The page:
As an overview, makes a lot of sense comparing the input and output as a transfer function in real time. Will be interesting to see what the industries uptake on this will be...

    Kind regards,
    Mitch

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    Senior Member SteveJewels's Avatar
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    Quote Originally Posted by 1audiohack View Post
    Careful Steve! It’s a deep hole! Haha.

    How are you?
    Barry.

    Doing good Barry.

    Yeah, I've been playing around the edge of this hole for a long time. Falling in is pretty much a given, When is about the only question.

    If I understand the premise of the m-noise thing, they are saying there is more content with respect to amplitude as a function of frequency in live performance and cinema audio so a test signal that is weighted more to the higher frequencies will be a more representative test of the system and permit analysis and adjustments that will result in a playback system that is more capable of reproducing the original content lineally, X in, X + Y out at all frequencies.

    Although I was not aware of this phenomenon specifically, I have always argued for a home system that has what most consider, excessive dynamic range, that is to say, drivers and amplifiers, and enough of them, that they are always operating in their linear range.

    If the source music, at whatever loudness, doubles in volume, does your system have 10 dB of headroom left?

  8. #8
    Senior Member SteveJewels's Avatar
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    To continue this thought, if you turned up the system gain the resulting SPL would increase more in the upper frequency range which happens to be where the CD's are.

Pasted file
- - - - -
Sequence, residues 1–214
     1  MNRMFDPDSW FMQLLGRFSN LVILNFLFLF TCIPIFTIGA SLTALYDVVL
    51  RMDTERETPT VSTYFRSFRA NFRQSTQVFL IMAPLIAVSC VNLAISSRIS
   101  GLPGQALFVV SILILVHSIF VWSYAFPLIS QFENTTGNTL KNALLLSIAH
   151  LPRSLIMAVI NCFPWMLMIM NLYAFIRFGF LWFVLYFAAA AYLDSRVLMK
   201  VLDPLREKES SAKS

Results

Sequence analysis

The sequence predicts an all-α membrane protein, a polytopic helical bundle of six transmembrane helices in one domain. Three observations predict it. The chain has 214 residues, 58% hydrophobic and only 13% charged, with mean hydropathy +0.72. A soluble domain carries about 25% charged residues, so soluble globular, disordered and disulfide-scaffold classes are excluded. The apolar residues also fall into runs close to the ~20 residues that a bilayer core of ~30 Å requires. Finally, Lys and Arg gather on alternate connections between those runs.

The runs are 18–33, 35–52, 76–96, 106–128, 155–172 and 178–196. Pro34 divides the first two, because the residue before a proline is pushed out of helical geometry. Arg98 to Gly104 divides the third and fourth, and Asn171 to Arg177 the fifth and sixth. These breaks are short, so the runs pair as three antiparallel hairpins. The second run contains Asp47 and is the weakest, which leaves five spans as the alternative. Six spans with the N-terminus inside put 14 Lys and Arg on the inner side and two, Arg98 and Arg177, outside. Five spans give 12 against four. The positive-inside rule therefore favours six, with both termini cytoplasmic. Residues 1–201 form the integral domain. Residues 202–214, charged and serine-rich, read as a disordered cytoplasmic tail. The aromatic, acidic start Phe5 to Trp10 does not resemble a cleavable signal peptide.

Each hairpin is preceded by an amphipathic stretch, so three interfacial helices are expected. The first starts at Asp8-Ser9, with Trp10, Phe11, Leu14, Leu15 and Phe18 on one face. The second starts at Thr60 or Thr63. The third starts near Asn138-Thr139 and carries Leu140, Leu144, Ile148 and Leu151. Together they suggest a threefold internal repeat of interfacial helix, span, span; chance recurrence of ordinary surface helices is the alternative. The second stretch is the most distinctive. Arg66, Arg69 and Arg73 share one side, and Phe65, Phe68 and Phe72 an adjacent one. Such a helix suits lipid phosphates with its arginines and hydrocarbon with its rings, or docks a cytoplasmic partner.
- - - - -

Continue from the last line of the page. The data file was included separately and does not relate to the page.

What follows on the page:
Perhaps this contributed to why JBL was so successful in sound reinforcement.

    I read the FAQ. The M-Noise source audio file is being distributed free and according to the FAQ works as a drop in replacement for a pink noise or whatever noise file is used.

  9. #9
    Senior Member 1audiohack's Avatar
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    Hello Steve and All!

    We are so covered up at work I haven't had time to hardly think about this. I also noted that the wav download was available.

    I haven't found if the whole noise packet is pseudo random like MLSSA or just the dynamic peaks but I would guess it all is.

    My hope is that I could tell with some precision where a system begins to slip out of linearity while it is busy with a broad band signal. This I think would be truly valuable. Jet engine SPL pink noise, oh boy.

    Barry.
    If we knew what the hell we were doing, we wouldn't call it research would we.

  10. #10
    Senior Member 1audiohack's Avatar
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    Small update:

    M-Noise does in fact work within SMAART.

    My subs at the shop (5749’s) have substantial harmonics to that flood into the midbass at lower drive (~40V) than I thought.

    Barry.
    If we knew what the hell we were doing, we wouldn't call it research would we.